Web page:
Nearly $340M spent heating and powering Ontario public schools
January 24, 2013 - A new report finds that close to $340 million is spent providing heat and power to Ontario’s public schools.
January 24, 2013 ByAlyssa Dalton
The Ontario Environmental Commissioner, Gord Miller, says more money could be spent on in-classroom education, if the Ontario government and the province’s school boards improved their efforts to reduce their electricity and natural gas bills.
Earlier this month, Miller released Volume Two of his 2011 Annual Energy Conservation Progress Report—an annual review of reductions in energy usage, increases in energy efficiency, and the progress and barriers to energy conservation. Volume One of the report was released in June 2012.
“There is great potential for savings in improving the energy efficiency of schools,” says Miller, “and fortunately, energy is one of the few expenses that can be reduced without affecting the learning environment.”
The report states the Ontario Government had to abandon its goal of reducing school energy usage by 10%, because some schools could not measure their energy consumption, which led to the launch of a Utility Consumption Database (UCD) to collect data on the electricity and natural gas used by every public school in the province.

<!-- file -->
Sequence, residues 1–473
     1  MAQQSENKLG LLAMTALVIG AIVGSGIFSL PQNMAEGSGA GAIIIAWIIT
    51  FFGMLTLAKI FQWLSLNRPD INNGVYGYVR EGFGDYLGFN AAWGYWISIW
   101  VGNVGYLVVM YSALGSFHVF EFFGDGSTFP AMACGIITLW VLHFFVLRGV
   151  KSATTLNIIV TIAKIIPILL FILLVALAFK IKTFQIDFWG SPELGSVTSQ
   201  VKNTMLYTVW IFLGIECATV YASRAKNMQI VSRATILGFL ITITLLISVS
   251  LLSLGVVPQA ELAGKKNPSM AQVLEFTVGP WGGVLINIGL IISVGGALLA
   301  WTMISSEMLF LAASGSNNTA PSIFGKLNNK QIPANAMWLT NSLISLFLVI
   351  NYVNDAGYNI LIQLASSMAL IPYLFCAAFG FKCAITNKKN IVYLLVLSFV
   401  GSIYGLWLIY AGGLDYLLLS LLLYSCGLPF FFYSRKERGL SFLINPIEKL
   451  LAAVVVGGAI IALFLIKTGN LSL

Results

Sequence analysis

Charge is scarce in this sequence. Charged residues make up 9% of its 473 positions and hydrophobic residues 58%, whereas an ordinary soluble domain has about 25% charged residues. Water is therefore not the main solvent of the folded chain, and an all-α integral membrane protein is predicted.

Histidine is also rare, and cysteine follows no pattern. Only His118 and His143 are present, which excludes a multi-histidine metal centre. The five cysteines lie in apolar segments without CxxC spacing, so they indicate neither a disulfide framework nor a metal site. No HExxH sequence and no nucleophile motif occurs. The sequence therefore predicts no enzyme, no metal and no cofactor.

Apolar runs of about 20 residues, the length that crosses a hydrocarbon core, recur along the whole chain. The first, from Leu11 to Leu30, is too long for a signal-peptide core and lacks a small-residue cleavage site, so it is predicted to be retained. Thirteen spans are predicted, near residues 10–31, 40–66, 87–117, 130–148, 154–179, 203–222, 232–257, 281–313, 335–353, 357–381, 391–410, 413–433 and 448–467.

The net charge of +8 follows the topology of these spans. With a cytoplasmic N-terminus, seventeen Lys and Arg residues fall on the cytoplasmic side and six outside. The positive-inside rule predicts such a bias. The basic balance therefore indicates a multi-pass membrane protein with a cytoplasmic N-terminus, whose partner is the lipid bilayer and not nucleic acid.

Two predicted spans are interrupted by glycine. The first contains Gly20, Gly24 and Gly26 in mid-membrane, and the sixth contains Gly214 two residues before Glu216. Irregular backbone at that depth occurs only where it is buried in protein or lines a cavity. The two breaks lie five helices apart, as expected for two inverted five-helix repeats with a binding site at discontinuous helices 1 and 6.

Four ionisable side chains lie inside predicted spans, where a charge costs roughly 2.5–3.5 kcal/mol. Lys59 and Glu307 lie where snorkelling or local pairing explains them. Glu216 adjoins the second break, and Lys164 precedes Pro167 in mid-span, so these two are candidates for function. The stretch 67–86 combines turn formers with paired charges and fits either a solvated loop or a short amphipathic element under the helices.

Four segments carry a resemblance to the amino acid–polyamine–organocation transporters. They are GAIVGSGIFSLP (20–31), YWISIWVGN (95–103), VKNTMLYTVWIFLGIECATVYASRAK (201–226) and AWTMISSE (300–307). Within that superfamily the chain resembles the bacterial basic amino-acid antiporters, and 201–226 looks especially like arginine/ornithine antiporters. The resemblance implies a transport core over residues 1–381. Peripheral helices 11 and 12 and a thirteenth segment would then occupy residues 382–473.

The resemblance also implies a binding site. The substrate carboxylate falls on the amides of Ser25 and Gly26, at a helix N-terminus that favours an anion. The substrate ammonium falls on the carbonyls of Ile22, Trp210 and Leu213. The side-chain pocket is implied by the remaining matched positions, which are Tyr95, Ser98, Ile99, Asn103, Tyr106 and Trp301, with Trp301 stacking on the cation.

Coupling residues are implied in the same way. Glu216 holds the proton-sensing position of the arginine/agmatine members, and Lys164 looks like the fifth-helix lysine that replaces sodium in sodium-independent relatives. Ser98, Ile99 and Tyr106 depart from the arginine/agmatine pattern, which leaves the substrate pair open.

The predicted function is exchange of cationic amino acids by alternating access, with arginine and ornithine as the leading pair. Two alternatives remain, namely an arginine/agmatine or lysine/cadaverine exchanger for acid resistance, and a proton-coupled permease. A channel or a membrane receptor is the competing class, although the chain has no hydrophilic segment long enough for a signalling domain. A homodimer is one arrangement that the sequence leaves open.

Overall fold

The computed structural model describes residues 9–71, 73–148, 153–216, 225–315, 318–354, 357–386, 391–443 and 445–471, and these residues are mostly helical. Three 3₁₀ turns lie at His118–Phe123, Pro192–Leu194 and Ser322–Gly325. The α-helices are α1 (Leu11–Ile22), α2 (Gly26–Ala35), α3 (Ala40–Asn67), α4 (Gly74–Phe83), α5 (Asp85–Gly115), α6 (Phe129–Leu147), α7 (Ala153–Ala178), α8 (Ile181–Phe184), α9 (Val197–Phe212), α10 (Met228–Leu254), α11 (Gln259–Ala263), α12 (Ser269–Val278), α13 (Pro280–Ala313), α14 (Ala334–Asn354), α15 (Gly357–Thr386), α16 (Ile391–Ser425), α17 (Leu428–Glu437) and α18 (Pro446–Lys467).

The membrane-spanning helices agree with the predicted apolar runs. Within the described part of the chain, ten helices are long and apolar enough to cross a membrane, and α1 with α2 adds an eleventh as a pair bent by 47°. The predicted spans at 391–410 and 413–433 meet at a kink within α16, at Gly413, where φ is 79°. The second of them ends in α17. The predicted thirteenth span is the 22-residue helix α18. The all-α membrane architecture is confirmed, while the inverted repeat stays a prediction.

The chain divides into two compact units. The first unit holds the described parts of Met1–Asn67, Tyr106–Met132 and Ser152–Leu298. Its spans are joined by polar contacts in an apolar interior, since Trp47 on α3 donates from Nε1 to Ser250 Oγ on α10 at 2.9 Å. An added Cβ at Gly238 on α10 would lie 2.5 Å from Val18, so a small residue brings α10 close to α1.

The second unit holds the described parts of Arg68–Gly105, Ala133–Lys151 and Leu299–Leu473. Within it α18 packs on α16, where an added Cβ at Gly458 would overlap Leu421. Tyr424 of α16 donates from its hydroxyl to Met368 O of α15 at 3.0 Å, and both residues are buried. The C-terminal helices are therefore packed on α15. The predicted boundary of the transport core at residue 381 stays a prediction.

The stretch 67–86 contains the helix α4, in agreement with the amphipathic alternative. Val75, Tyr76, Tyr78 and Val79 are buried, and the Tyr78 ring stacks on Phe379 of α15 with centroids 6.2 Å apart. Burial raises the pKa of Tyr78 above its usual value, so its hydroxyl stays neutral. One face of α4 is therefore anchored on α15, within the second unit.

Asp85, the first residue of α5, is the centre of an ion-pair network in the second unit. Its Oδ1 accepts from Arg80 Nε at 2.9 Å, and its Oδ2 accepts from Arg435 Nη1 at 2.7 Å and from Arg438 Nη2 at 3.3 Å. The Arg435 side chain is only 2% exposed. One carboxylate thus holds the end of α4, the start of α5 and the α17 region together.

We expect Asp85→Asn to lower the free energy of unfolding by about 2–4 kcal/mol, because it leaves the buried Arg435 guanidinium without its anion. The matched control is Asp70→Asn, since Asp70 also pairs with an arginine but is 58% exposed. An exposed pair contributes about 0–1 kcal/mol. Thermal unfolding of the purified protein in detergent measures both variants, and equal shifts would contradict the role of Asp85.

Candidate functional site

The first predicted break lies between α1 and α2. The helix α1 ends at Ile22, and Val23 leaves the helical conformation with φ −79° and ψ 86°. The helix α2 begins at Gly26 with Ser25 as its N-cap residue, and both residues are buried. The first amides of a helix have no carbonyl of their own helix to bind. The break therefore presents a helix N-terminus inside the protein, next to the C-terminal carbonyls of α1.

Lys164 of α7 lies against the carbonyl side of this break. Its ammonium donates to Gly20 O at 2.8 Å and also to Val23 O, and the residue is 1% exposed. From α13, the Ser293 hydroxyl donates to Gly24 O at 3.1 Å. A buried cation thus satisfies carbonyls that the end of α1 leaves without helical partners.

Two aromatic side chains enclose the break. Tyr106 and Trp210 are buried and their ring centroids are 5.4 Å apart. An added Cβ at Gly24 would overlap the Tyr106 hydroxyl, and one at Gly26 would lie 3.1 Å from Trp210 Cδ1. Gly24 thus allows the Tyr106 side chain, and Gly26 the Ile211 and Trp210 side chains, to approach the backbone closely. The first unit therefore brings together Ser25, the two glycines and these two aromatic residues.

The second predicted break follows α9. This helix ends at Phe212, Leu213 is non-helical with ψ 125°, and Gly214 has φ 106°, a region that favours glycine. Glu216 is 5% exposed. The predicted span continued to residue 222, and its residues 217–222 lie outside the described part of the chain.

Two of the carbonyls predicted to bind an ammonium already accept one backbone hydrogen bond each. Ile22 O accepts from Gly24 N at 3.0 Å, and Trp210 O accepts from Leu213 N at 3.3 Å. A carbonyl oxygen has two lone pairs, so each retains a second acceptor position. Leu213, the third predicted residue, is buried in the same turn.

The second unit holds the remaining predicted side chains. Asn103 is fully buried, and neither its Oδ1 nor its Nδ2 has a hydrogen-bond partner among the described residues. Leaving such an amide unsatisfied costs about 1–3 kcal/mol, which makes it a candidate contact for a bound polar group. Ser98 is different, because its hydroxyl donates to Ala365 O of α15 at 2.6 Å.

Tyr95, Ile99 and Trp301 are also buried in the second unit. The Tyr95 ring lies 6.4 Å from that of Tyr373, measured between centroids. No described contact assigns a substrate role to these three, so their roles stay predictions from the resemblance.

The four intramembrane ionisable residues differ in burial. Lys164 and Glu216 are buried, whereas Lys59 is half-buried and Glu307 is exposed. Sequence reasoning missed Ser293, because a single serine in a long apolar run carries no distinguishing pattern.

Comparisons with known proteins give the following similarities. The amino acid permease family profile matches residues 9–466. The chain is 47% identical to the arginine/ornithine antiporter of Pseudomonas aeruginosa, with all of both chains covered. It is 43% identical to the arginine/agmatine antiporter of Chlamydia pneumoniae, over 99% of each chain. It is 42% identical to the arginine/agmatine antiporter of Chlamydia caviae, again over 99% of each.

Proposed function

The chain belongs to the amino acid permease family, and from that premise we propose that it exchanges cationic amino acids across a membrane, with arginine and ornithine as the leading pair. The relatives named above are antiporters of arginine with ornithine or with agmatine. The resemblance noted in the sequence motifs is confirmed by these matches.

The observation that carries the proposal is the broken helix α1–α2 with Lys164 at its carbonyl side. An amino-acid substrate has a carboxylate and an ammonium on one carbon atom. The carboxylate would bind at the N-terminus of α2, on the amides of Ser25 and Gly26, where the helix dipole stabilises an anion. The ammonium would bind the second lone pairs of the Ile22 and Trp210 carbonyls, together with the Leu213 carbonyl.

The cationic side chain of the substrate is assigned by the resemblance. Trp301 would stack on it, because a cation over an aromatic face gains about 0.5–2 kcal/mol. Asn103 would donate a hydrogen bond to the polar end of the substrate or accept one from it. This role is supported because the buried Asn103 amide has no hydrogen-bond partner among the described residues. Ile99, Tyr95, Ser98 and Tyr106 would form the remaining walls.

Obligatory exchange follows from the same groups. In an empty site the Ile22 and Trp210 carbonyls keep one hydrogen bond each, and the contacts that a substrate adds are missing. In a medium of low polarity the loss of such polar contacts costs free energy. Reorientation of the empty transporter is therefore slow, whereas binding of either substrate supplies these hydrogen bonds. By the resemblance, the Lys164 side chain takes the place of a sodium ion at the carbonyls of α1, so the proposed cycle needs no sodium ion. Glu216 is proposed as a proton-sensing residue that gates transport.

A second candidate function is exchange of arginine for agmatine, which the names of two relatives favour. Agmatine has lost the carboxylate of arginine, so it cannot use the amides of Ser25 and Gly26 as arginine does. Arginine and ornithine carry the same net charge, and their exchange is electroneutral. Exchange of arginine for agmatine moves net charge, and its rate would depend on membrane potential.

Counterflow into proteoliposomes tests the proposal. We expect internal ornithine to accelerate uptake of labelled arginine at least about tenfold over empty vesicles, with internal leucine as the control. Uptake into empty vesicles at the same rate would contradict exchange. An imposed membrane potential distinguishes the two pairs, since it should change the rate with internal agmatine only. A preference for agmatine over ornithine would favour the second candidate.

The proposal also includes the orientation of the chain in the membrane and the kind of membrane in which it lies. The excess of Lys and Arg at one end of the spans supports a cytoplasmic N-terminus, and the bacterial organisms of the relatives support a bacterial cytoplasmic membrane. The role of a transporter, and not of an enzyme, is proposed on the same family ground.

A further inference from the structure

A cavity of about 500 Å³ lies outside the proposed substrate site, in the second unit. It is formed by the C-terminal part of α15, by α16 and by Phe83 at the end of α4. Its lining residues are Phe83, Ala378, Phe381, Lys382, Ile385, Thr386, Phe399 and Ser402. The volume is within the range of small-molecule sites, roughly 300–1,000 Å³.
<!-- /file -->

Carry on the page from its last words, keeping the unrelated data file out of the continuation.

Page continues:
The Environmental Commissioner points to the success of the Simcoe County District School Board (SCDSB), whose data on energy usage showed a range in energy efficiency among its schools. “By replacing windows and boilers, changing lights, and improving heating and air conditioning equipment in just a third of its schools, in a three-year period the Board realized a 16% reduction in energy usage per square metre, and saved more than $500 thousand annually.”
At this time, access to the database is restricted to school boards.
“The Ministry and the boards need to sort this out. The Ministry says it won’t publicly release the information on the energy efficiency of individual schools, because the data belongs to the school boards. But I believe parents, students and community members would like to know the energy performance of their schools,” says Miller. “Companies with expertise in the field could do an analysis of the data, and offer innovative solutions to improve energy efficiency.”
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